Meet the New Student at ‘Abbott Elementary’: CHLA Spina Bifida Patient D’Kai
The journey from spina bifida patient to child actor isn’t typically done in one week’s time, but after charming the producers of “Abbott Elementary,” 4-year-old D’Kai found his life’s course swiftly set off in a new direction. Even if he hadn’t been waiting for his big break, he was happy to take it when it arrived.
Quick backstory: D’Kai’s mother, Jazmin, learned that “Abbott Elementary,” the celebrated ABC comedy series about a group of teachers at an underfunded public school in Philadelphia, had released a very specific casting call. The show needed a child with a disability who used a wheelchair.
D’Kai met both requirements. Born with spina bifida, an incomplete development of the spine, he had been treated at Children’s Hospital Los Angeles since infancy. He lacked one attribute—acting experience. But he had other qualities: He was a bright kid with a lot of personality, and being 4, he was up for anything.
“We jumped on the opportunity,” Jazmin says. “I talked to him about it, and he was like, ‘OK, I’ll try it.’”
They submitted pictures, interviewed with the casting team, and D’Kai, as they say in his new trade, booked it. “Everything happened in a week,” Jazmin says.
It’s a nonspeaking role. D’Kai, now 5, is visible in the background of some classroom scenes. But who knows where it may lead? Beware, Brad Pitt’s career launched with a Pringles commercial. D’Kai’s breakthrough makes perfect sense to his doctors at CHLA, who call him bubbly, engaging and ideal for the screen. To see him on their TV sets in the cast of “Abbott Elementary” drew little surprise, but a lot of gratification.
“Children with different abilities, especially children from minority communities, is not something we see often on television,” says orthopedist Melissa Bent, MD, one of several physicians who manage D’Kai’s care. “So having D’Kai be part of that even bigger movement of visibility, to me, was very rewarding.”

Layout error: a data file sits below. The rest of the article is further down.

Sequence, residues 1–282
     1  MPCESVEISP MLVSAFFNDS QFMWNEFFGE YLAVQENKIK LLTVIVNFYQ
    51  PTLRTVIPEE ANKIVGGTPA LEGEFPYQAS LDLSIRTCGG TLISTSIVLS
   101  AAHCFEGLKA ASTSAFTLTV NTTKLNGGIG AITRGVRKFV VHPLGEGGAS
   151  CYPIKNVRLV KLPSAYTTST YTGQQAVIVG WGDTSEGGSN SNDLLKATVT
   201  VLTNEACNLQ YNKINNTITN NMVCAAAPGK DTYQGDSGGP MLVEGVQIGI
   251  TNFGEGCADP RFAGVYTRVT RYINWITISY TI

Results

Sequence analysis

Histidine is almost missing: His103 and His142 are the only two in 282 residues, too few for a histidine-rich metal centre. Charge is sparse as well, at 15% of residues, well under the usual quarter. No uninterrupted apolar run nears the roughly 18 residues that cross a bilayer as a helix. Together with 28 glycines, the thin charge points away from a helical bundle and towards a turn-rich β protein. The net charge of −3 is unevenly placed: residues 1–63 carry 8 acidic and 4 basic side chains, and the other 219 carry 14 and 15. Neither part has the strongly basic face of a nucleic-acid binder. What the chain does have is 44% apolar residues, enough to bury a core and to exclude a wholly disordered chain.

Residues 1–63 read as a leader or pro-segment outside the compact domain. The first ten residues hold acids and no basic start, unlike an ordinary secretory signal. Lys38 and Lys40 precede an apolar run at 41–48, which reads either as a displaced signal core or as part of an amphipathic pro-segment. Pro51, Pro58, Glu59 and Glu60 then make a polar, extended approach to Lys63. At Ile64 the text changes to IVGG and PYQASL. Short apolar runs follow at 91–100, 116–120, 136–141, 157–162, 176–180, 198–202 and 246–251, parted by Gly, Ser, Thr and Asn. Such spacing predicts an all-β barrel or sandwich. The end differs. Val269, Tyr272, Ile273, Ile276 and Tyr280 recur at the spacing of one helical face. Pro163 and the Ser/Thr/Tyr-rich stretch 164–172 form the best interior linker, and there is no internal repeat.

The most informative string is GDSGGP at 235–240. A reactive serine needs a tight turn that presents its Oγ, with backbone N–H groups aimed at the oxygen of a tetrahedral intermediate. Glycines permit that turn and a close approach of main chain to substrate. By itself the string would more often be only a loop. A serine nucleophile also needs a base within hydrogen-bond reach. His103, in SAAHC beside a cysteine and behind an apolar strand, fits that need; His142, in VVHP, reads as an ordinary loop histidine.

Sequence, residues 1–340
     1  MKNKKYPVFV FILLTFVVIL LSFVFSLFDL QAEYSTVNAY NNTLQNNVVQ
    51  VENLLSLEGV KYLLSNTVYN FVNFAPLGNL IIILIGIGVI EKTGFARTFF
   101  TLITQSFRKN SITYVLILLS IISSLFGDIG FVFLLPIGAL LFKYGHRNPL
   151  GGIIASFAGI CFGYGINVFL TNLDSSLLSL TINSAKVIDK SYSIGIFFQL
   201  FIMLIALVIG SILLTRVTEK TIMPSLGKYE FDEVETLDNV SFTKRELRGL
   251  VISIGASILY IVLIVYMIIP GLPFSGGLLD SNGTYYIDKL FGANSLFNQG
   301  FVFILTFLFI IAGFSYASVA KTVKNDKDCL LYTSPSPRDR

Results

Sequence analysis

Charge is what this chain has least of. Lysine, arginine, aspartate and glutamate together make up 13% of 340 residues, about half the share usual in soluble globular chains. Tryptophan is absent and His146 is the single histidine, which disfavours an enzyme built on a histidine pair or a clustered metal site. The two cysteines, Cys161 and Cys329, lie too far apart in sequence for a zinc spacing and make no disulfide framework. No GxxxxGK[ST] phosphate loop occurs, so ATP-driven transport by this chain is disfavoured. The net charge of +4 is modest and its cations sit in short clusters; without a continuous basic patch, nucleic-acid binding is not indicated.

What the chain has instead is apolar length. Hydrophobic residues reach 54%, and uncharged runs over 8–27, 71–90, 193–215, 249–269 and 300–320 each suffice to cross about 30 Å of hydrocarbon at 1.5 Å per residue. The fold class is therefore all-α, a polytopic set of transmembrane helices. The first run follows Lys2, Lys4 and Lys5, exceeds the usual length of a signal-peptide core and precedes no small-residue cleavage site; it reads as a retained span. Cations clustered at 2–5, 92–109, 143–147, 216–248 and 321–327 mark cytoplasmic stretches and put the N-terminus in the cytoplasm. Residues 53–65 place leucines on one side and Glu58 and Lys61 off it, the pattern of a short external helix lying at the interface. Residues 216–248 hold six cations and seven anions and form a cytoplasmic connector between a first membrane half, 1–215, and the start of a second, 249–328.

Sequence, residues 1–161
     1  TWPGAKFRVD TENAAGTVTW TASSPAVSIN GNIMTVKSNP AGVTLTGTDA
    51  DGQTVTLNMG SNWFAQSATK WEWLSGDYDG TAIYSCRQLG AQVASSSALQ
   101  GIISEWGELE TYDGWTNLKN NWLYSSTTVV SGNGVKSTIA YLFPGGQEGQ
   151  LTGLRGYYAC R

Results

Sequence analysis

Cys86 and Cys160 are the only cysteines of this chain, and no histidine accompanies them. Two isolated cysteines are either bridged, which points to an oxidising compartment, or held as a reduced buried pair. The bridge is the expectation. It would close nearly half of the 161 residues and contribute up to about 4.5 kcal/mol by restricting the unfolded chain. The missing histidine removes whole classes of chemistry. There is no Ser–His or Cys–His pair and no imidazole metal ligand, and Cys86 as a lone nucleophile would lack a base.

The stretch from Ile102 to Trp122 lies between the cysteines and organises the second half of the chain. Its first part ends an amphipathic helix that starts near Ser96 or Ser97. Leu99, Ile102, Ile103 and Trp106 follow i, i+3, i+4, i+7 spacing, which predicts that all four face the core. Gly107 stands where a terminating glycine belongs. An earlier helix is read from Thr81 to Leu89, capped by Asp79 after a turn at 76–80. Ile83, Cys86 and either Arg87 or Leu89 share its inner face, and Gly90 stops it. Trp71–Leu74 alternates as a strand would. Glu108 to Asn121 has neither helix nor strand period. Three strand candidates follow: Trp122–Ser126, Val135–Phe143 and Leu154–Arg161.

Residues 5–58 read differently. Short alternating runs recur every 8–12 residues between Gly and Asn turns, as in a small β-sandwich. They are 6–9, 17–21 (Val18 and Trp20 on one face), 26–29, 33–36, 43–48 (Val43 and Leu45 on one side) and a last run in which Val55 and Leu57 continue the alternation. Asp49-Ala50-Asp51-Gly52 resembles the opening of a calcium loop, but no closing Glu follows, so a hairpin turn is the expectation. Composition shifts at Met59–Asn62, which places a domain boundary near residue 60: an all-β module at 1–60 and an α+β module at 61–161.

The night D’Kai made his first appearance on the show (search Season 2, Episode 1) was “a joy,” Jazmin says. “I was just amazed. ‘Oh my goodness. You’re really on TV!’ He was so happy. He was like, ‘Look! It’s me, Mom! Look at me! I’m right there!’
When the spine doesn’t close
You learn something new every day, and today that new something will be sequelae. “It means the consequences of the diagnosis for a medical condition,” Patricia Castillo, MD, says.
A specialist in the Spina Bifida Program at Children’s Hospital Los Angeles, Dr. Castillo has treated D’Kai since April 2018, when he was 4 months old. There are multiple versions and degrees of spina bifida; D’Kai has the most severe form, called myelomeningocele, wherein the spine does not close properly, causing what looks like a bubble to form at the opening, sitting on the baby’s back, outside the skin and its contents unprotected by the spinal column.
“What ends up happening is,” Dr. Castillo says, “those contents in that bubble—the portion of the spinal cord and the nerves that are attached there—are exposed to amniotic fluid during the pregnancy, and that can lead to severe complications. With the form of spina bifida and the level of spina bifida that D’Kai has, it’s not uncommon to see all of the sequelae that he does have.”
Those sequelae afflicting D’Kai include hydrocephalus, the backup of cerebrospinal fluid in the brain; incontinence of the bowel and bladder; and lower-body weakness to the point of paraplegia—the inability to feel or move one’s legs.